"Okay," said Dr. McMurray, "step up here and get another suture around the esophagus, above the one I've already secured, I can barely stretch that far, with this in front of me," she said pointing to her swollen belly.

            Stan leaned forward, still a little shaken from what, in those days was the rather bizarre picture of a very pregnant woman doing an autopsy.

            "Okay, cut right here, between the two sutures, then dissect away from the posterior thoracic and abdominal wall right down to the duodenum, and then cut between the lower two ligatures that I had secured earlier.  That way we can get the whole segment of bowel out, without spilling gastric content all over the peritoneal cavity.  Unless, of course, you puncture the bowel wall.  And, by the way, don't get a fright when Jim starts the saw going.  Jim, this is Dr. Smith," she added by way of introduction.

            Jim was the operating room orderly.  He nodded his head at Stan and smiled.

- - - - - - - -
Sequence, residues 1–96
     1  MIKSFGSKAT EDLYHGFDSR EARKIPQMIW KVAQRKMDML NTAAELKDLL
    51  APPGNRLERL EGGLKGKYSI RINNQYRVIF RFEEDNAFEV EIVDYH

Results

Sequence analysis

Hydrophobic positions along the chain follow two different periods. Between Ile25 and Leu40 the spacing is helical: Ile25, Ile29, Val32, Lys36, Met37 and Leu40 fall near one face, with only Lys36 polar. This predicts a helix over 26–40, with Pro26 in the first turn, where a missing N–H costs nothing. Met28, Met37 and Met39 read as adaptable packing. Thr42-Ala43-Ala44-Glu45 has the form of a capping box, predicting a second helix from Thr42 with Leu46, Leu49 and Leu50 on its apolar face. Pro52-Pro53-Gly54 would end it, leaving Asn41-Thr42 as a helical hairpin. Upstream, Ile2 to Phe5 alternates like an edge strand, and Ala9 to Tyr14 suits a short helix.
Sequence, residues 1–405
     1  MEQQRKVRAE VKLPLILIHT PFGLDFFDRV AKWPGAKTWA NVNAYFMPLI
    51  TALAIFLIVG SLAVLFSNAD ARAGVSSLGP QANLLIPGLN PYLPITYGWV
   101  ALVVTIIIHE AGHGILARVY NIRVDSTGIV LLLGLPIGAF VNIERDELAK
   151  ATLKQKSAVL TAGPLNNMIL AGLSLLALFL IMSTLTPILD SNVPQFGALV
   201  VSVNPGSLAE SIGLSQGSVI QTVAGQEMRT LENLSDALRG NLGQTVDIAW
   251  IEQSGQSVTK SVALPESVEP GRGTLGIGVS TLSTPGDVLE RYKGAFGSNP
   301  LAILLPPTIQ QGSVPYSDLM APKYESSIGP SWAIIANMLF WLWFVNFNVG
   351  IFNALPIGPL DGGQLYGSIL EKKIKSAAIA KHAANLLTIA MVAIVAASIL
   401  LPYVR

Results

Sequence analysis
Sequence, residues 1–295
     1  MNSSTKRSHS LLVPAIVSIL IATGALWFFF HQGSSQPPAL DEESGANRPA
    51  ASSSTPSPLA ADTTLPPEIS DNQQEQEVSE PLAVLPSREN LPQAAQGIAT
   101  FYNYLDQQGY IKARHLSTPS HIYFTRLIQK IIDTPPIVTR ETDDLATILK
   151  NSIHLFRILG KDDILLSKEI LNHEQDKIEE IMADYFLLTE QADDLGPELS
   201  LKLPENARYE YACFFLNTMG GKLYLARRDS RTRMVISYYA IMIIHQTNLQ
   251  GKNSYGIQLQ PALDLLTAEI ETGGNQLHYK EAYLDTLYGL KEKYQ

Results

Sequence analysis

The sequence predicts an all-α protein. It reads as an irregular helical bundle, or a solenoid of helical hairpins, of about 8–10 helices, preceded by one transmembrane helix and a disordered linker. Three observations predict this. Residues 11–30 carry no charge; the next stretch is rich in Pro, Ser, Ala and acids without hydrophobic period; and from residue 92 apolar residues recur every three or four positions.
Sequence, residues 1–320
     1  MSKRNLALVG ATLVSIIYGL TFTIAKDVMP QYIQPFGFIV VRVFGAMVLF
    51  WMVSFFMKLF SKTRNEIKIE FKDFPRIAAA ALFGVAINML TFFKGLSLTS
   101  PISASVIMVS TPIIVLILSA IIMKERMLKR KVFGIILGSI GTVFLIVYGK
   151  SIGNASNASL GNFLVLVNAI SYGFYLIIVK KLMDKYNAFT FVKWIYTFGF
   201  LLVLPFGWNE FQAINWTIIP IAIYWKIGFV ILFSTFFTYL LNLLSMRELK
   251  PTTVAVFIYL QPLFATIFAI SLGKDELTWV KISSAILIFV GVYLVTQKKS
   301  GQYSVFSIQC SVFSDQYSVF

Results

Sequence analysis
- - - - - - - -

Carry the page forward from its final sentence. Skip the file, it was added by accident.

"Ah, you'll get used to all this stuff quickly enough, doctor.  Just don't mind the noise."  He added this as he continued a transverse scalp incision and then pulled the apron of scalp forward to cover the face.

            Meanwhile, Stan continued his dissection carefully, anxious to avoid the humiliation of perforating the bowel, let alone the miasmic odors that would follow.  The loud vibrations of the saw cutting through bone provided the background for the next half-hour, while Dr. McMurray carried on dissecting and supervising Stan at the same time.  Following the gross dissection, Dr. McMurray showed Stan how to section the removed organs and place the specimens in formalin for later histological microscopic examination.  They were all finished before noon.